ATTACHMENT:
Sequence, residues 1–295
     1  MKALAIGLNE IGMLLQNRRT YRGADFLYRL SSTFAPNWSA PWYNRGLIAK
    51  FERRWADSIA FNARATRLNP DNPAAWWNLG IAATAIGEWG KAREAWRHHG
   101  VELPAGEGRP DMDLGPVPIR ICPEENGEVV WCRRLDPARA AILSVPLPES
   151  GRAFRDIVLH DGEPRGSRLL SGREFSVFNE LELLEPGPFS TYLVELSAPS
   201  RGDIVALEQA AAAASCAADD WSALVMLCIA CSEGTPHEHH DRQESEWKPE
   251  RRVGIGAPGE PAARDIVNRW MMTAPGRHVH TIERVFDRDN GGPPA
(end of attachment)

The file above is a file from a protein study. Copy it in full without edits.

Sequence, residues 1–295
     1  MKALAIGLNE IGMLLQNRRT YRGADFLYRL SSTFAPNWSA PWYNRGLIAK
    51  FERRWADSIA FNARATRLNP DNPAAWWNLG IAATAIGEWG KAREAWRHHG
   101  VELPAGEGRP DMDLGPVPIR ICPEENGEVV WCRRLDPARA AILSVPLPES
   151  GRAFRDIVLH DGEPRGSRLL SGREFSVFNE LELLEPGPFS TYLVELSAPS
   201  RGDIVALEQA AAAASCAADD WSALVMLCIA CSEGTPHEHH DRQESEWKPE
   251  RRVGIGAPGE PAARDIVNRW MMTAPGRHVH TIERVFDRDN GGPPA